The season of medical meetings is coming to an end, and not a moment too soon.
For the past few months I have been going from city to city and from conference to conference focusing on one primary goal: making sure scientists get the message that they can try their research in women rather than mice or rats or cell lines and that the Army of Women will help.
It is a hard sell.
As many of you have heard me say, the response is often, Women are too messy! Or, I can control everything about the rats and mice and it is nice pretty science. These statements may be true, but they also underlie the reason that we don’t have more breast cancer breakthroughs. Research in mice doesn’t always translate to women. Women and men get breast cancer. Mice don’t unless we give it to them. This means the research has to be in people, which was why I launched the Army of Women!
But as we’ve seen, the adage, if you build it they will come, does not seem to apply to researchers. That’s why when we attended the American Association for Cancer Research annual meeting in Chicago last month, we gave a panel presentation that included researchers who have worked with the Army of Women so they could explain to their colleagues how the Dr. Susan Love Research Foundation has helped them make the transition from mice to women, providing support and assistance every step of the way.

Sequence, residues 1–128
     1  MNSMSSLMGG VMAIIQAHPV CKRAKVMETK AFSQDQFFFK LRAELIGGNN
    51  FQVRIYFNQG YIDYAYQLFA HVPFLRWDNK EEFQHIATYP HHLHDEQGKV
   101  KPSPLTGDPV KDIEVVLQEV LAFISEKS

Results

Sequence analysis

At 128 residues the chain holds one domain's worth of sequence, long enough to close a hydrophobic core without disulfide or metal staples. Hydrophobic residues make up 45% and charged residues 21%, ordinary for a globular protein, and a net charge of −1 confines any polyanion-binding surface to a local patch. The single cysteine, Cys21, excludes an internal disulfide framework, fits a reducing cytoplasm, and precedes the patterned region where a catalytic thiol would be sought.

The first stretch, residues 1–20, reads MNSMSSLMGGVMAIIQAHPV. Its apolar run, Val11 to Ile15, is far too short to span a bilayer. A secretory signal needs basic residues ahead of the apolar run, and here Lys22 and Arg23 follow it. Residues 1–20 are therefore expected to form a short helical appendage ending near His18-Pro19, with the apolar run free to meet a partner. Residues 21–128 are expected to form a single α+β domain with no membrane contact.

The panel presentation was called Crossing the Chasm from Animal Models to Women. As the first speaker, I discussed the overall vision for the initiative, barriers to research in women and why it is imperative to overcome them, and some of the Army of Women’s success stories. Next up were Dr. Carlos Sonnenschein and Dr. Carla Finkielstein, who discussed their successful transition from research in animal models to research in humans, the progress they have made, and the essential role the Army of Women played in their research.
Dr. Susan E. Clare followed. She discussed the Army of Women’s collaboration with the Susan G. Komen for the Cure Tissue Bank at the Indiana University Simon Cancer Center and the biospecimens it makes available to researchers. The last presenter was Olympia Kalagidis, an Army of Woman volunteer. She discussed her experience participating in three Army of Women research studies, how researchers can use advocates in their research, and why including advocates is important for a project’s success.
I thought you’d enjoy seeing our panel, and you can view the webcast here.
Watching this webcast will make it easy for you to see how the Army of Women is revolutionizing the way research is done! And there is more to come. This summer the Foundation will be launching the Health of Women study a whole new way to do research to find the cause of breast cancer where you, the participants can propose questions, help support the research process, and democratize how research is done!
Want to be a part of the movement to change breast cancer research? Join the Army of Women TODAY!